My friend had almost 500 hours in T-9 and T-1 aircraft before earning his USAF wings.


User currently offlineGemuser From Australia, joined Nov 2003, 5602 posts, RR: 6
Reply 16, posted (5 years 2 months 1 week 16 hours ago) and read 3597 times:



Quoting B-HOP (Thread starter):
As 727, 747 Classis, DC10 and the like being retired, where did the F/E once served them go? Did they move on as pilot, return as engineers? Or do they simply retired?

Qantas retired its B743 in Dec08. This ment the end of the professional FE position in Australia. FE were not pilots, in Oz, but rather mainly ground engineers, frequently LAMEs (licienced). My understanding from friends is that most QF FE retired, a few, who had some pilot qualifications, were retrained as Second Officers and some went back to ground engineer, but most were plenty senior enough to retire.

Talking about other flight deck positions, QFs early B707s had a flight deck crew of 5! 2 pilots, FE, Navagitor and Radio Operator. The NAV & RO were there because the airline operated in parts of the world where radio navigation aids and VHF comms were unknown at the time, eg Indian Ocean, South Pacific and the remoter parts of Asia. The Nav had his sexton and the aircraft had a sighting bubble & Doppler radar to measure over surface speed/drift. The RO spent most of his time on HF, and as this was before Selcall, a listerning watch had to be maintained. All Nav, ROs were retired by the time the B742 took over.

Gemuser



DC23468910;B72172273373G73873H74374475275376377L77W;A319 320321332333343;BAe146;C402;DHC6;F27;L188;MD80MD85
User currently offlineLMML 14/32 From Malta, joined Jan 2001, 2565 posts, RR: 6
Reply 17, posted (5 years 2 months 1 week 15 hours ago) and read 3546 times:



Quoting Mayor (Reply 11):
rom what I can remember of the FE's that we had at DL on the 727 were used to turn on the gasper fan, let us know if the a/c needed potable water, started the apu and let us know if an engine needed oil.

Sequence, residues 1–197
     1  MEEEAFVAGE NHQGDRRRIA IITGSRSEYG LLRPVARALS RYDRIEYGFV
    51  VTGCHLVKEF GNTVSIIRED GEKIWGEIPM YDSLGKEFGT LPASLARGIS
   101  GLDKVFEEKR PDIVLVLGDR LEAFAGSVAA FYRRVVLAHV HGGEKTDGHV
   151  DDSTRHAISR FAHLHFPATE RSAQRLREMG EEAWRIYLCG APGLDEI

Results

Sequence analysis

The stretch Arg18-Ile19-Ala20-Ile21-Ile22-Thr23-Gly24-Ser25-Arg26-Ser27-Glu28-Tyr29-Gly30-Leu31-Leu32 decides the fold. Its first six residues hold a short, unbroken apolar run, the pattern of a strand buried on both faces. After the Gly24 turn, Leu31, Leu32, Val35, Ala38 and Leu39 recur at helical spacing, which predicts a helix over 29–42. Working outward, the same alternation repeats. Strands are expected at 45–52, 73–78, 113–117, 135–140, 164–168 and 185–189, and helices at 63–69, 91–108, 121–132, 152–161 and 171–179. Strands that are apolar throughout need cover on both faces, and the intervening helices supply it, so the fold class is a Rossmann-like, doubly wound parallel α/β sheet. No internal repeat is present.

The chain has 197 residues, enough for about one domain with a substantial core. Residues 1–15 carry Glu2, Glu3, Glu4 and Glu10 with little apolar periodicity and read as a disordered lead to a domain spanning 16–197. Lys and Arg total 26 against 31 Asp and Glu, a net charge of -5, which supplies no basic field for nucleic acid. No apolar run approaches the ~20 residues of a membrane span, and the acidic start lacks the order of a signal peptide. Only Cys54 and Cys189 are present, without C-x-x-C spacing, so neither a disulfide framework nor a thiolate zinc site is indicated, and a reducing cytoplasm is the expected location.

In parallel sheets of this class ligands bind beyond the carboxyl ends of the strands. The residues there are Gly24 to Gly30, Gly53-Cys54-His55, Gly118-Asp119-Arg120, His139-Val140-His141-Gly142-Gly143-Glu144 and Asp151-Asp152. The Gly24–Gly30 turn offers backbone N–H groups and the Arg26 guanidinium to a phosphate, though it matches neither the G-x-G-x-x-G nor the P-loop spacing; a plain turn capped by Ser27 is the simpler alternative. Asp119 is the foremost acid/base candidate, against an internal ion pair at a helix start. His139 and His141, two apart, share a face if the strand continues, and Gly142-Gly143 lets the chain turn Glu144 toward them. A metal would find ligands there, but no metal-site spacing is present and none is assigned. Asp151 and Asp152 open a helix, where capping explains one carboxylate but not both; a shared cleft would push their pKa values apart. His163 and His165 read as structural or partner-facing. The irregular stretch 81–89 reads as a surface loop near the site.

........don't forget the all important galley power switch without which there would be "no meals for you".........


User currently offlineMayor From United States of America, joined Mar 2008, 10332 posts, RR: 14
Reply 18, posted (5 years 2 months 1 week 7 hours ago) and read 3369 times:



Quoting LMML 14/32 (Reply 17):
Quoting Mayor (Reply 11):
rom what I can remember of the FE's that we had at DL on the 727 were used to turn on the gasper fan, let us know if the a/c needed potable water, started the apu and let us know if an engine needed oil.

........don't forget the all important galley power switch without which there would be "no meals for you".........

I can remember several complaints that there was no potable water. Finally, we realized that someone was pulling the circuit breaker for the water gauge. They would call down, complain about the water and before we tried to fill it up, go up into the cockpit, with the crew sitting there, reach behind the S/O on the panel and push the circuit breaker back in. Problem solved.  Wink



"A committee is a group of the unprepared, appointed by the unwilling, to do the unnecessary"----Fred Allen
User currently offlinePeterpuck From Canada, joined Jun 2004, 322 posts, RR: 3
Reply 19, posted (5 years 2 months 1 week 2 hours ago) and read 3213 times:



Quoting MD11Engineer (Reply 5):
The pilots seated in the F/E position are NOT flight engineers. They are "Second Officers" and as such simply system operators and button pushers.

Sometimes they ARE flight engineers even these days. I've worked with many of them.


User currently offlineMD11Engineer From Germany, joined Oct 2003, 13945 posts, RR: 63
Reply 20, posted (5 years 2 months 1 week 2 hours ago) and read 3184 times:



Quoting Mayor (Reply 11):
Weren't most navigators, individuals that had washed out of the pilot training program?

I used to know a captain who used to be one of the first postwar Lufthansa pilots (acutally he flew Ju-52s during the war). According to him 1950s LH pilots, who were exceptionally good in groundschool topics like navigation were rostered as navigators, while those who had less good grades, were actually flying the plane, a policy which p*ssed the good piltos off, because they also wanted to get stick time (e.g. on a Superconstellation).

Quoting Max550 (Reply 8):
If that's the case then why were (or are) F/E's not required to retire at the same age as pilots? I would think if you need an F/E to do all that stuff they would be just as important as the pilots.

The F/E does a different job from the pilots, but not less important. On older aircraft he runs the systems, the pilots on the other hand make sure that the plane goes into the right direction (on even older aircraft with navigators, the pilots would fly the course given to them by the navigator on a piece of paper).
That pilots have to retire so early is a purely American thing, AFAIK in the EASA countries retirement age is the same for F/E's and pilots.